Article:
A number of years ago, my father purchased a pre-need funeral plan and cemetery plot for himself and my mother. As he is getting on in years, I am looking at what planning needs to be done so that when he passes I am not caught unprepared. In the process of doing so I discovered that the funeral home that sold his pre-need plan went bankrupt and the plan has no value.

When he purchased the plan, a friend talked him into cancelling his life insurance since all his final expenses were prepaid. (!) He is a widower so the funeral home has paid out for my mother. However, there is an added wrinkle in that he moved a couple thousand miles away to a different state and no longer wants to be buried in his plot. I don't know his finances but I don't think he has much in savings. I know he has no investments, just a pension and social security which allow him to live comfortably.

I am in a conundrum because while he has signed to plot over to me, I have no use for it and it seems like trying to sell a plot in a another state might be a lot of hassle and not produce much of a return. I learned that a modest funeral, plot and associated burial costs will run between $10,000 and $20,000. Cremation is cheaper but goes against his wishes. A direct burial would save money but is still more money that I currently have.

I checked out life insurance policies for an 80 year old male. A $20,000 policy is north of $200/month. While my income is relatively high, my budget is currently very tight and I'm currently I'm unable to set aside any money other than contributing to a modest 401k. I am an only child with no relatives available to help out. The law makes it clear that I would be held financially responsible for funeral arrangements - with an escape clause that if I am not "willing" (whatever that means) or financially able to cover the funeral arrangements, the state will cover it lien the estate, possibly after some kind of investigation and possibly in conflict with any wishes of the deceased.

None of the budgeting resources I have seen cover such unexpected expenses which are 5-10 times more than the typical expense quoted. If I could save $200/month it would still take over 8 years before I would have enough money and he could die in the interim. On the other hand, with a $200/month policy he might live another 20 years. Or I could simply do nothing and hope the state doesn't find a way to force me to pay anyway, causing me to default on my other responsibilities. Another option would be to go against his wishes with cremation (the cheapest possible option), saving over half the cost.

Is there any other option I haven't thought of?

  • 3
    You could go against his wishes and bury him in the plot he already owns. Or... sell the plot and use the money to offset his funeral.
    – RonJohn
    Commented Nov 1, 2019 at 7:04
  • 2
    Don't assume that a burial plot is worthless. In full cemeteries, sometimes there's a demand for a plot because people who haven't made final arrangements want to be buried near their loved ones. Also, don't assume that the state will let you off easily (the escape clause). Commented Nov 1, 2019 at 12:54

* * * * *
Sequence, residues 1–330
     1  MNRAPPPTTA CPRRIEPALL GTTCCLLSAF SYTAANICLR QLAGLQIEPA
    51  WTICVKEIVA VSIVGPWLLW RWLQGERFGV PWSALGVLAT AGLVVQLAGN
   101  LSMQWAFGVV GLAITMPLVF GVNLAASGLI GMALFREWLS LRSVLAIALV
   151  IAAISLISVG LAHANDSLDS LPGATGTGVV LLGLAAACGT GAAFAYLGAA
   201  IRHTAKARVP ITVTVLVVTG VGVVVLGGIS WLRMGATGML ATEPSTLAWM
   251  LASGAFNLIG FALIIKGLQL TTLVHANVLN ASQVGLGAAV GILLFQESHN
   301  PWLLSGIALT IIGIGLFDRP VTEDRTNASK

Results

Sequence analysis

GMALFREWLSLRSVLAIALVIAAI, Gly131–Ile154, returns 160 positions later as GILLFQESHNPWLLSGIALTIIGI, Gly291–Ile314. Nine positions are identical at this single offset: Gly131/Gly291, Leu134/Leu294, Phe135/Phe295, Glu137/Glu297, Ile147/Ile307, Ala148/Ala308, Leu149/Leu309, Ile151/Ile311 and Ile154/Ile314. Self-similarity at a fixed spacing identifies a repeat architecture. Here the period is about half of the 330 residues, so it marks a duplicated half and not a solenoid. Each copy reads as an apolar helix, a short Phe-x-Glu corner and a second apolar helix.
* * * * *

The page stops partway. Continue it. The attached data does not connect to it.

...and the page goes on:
• @BobBaerker - "don't assume that the state will let you off easily" - are the relatives of deceased held liable to pay for this cost? (I believe you, but never heard this. Even modent costs can destroy the finances of an elderly person just scraping by) Commented Nov 1, 2019 at 12:58
  • JTP - I was referring to the statement that the escape clause may let you off the hook for the expenses if "I am not willing". I wasn't commenting on whether states hold non spouse relatives legally responsible (I too have never heard of this). Commented Nov 1, 2019 at 14:06
  • 1
    thx, sorry, I missed the link. Yes, "If none of the persons named in subsection A of this section is willing". I'm not judging, I don't know the relationship you have. You don't need a reason, just unwilling. I'd have paid for my MIL funeral (which was $18K, total) if she ran out of money. I would not have chipped in a dollar when my mother passed. Commented Nov 1, 2019 at 17:56

1 Answer 1


I assume from your question that your father does not have any assets to liquidate in the sad event of his demise. You mentioned a cemetery plot he doesn't want used--that's an asset you should try to liquidate. Otherwise, any value from his estate would be suitable to pay funeral expenses. (You give a good reason not to buy pre-paid funerals.)

Some assets may not be apparent.

My mother died more than twenty years before my father. We were surprised to learn that she was the beneficiary of record on one of his accounts. That's how I paid for his funeral. (But first I had to scare up Mom's death certificate to present to the court.)

Lacking any such assets (you've asked him I presume), you have between now and his demise to adjust your budget and sacrifice part of your lifestyle to prepare for this inevitable expense. Yes, your budget is tight and no, you don't want to make that sacrifice. I'm sorry. Maybe you should ask your father what he would do if your roles were reversed.

  • Could you clarify the narrative involving your parents? What did the fact that your previously deceased mother was the beneficiary have to do with the ability to use your father's assets for his funeral? Are you saying it made it easier or harder to do? I assume you're trying to illustrate "Some assets may not be apparent" but I don't quite understand the point.
    – nanoman
    Commented Apr 7, 2021 at 21:40

You must log in to answer this question.

Not the answer you're looking for? Browse other questions tagged .